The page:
Only two hours before the nightmare that would unfold, I was sitting with friends sharing my loyalties to travel programs. I had lost status on nearly everything when I got pregnant with my son (where’s parental leave??), forcing me to rethink my commitments. I told everyone about how I loved the fact that Avis had been so good to me, so willing to give me hybrids when they were available. I had been in an Avis car for 20 of the 28 days that month and I was sad that I didn’t have a hybrid in LA but the customer service rep was super apologetic and I understood that it was a perk, not a guarantee.
When I got into my car at 10PM that night, I discovered I had a flat tire. Exhausted and jetlagged, I called Roadside Assistance and braced myself to begin the process. I didn’t give it much thought given that I was 7 miles from LAX where it’d be easy to exchange a car. And it’s LA, land of cars, right? I had gotten stuck in much worse situations, situations without phone service. When I got the rep on the phone, we went through the process and I said that I didn’t feel safe driving significantly on a spare, especially not in LA. I asked how long for an exchange because we were so close. He said it’d be longer. I asked how long but he didn’t know; he said he’d text me when the order was placed. I figured go ahead and I can always call back and shift things. It was dark, I was falling asleep, and time passed.
An hour later, I still hadn’t heard anything. I called back, now much more frustrated. They told me that they still didn’t know. I pushed and pushed and they told me it’d probably take 4 hours. WTF? Are you serious!?!? How long for a spare to be changed I asked? Another 90 minutes they told me. They wanted me to wait until 12:30AM to get a spare tire on my car or until 3AM to get a replacement. I told them that this wasn’t safe, they asked if I was in a life-threatening emergency. No, it just wasn’t safe for me to sleep in my car in the middle of Los Angeles. I asked if I could just take a cab to the 24/7 LAX counter and hand over the keys. No, I couldn’t get a new car without giving up the old one and they wouldn’t receive the keys without the car. They reminded me that I was liable for the car. At one point, he recommended that I just leave the keys in the unlocked car. At this point, I knew the rep knew zero about the context in which I was in. Los Angeles. Late at night. In the dark. I was furious. Luckily, I have friends in Los Angeles. One is a late night owl and agreed to take the keys and do the exchange. I got driven to the hotel, angry as hell.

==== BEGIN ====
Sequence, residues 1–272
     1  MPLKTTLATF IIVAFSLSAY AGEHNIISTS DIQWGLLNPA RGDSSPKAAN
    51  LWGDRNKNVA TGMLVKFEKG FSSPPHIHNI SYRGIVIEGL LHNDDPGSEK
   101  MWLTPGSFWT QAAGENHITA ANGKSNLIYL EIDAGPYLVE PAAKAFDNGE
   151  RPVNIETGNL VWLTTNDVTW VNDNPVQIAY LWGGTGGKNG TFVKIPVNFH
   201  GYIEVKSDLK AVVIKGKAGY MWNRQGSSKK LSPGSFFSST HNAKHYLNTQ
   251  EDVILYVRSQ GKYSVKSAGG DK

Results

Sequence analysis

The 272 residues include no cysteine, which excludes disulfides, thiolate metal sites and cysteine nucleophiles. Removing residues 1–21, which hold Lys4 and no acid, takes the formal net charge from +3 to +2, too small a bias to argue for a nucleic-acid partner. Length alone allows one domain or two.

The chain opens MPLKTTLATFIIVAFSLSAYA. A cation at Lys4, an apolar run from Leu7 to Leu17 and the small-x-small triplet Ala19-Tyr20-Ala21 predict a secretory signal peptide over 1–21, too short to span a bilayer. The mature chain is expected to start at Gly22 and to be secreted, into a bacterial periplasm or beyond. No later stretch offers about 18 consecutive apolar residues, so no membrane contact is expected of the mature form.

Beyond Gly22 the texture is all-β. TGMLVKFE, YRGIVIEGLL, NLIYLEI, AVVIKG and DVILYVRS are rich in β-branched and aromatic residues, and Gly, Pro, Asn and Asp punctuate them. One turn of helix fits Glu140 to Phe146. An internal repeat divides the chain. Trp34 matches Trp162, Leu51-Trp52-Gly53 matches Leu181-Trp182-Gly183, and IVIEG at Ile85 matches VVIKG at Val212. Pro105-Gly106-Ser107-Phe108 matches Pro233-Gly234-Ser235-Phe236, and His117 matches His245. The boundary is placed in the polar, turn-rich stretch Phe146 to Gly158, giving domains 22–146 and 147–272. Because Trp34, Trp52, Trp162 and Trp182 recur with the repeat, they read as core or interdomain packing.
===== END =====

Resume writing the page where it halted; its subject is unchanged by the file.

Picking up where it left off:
They texted us that they’d arrive at 4AM to pick up the car. They didn’t show up. At 9:30AM, I called back furious. They blamed the towing company and said another 30 minutes. Eventually they showed up at 11:30AM. Luckily, my friend was amazingly awesome and managed to make it work even though she worked and had to juggle. At 4PM, I called Avis to make sure they had the car. Nope. And they couldn’t close the account or look up the repair information. Roadside assistance told me to call customer service, customer service told me to call LAX rental directly, LAX rental sent me to his manager who went straight to voicemail. Not surprisingly, they didn’t return that phone call. I tweeted throughout and the only response that I got from the Avis rep was a polite note to say that they hoped everything worked out. I wrote back that it absolutely had not and got zero response. I wrote to the Avis customer service and the Avis FIRST email. No response. So much for being a valuable customer. Luckily I had done all of this through Amex Business Travel who was just awesome and leveraged their status to push Avis into taking care of it and giving me a refund.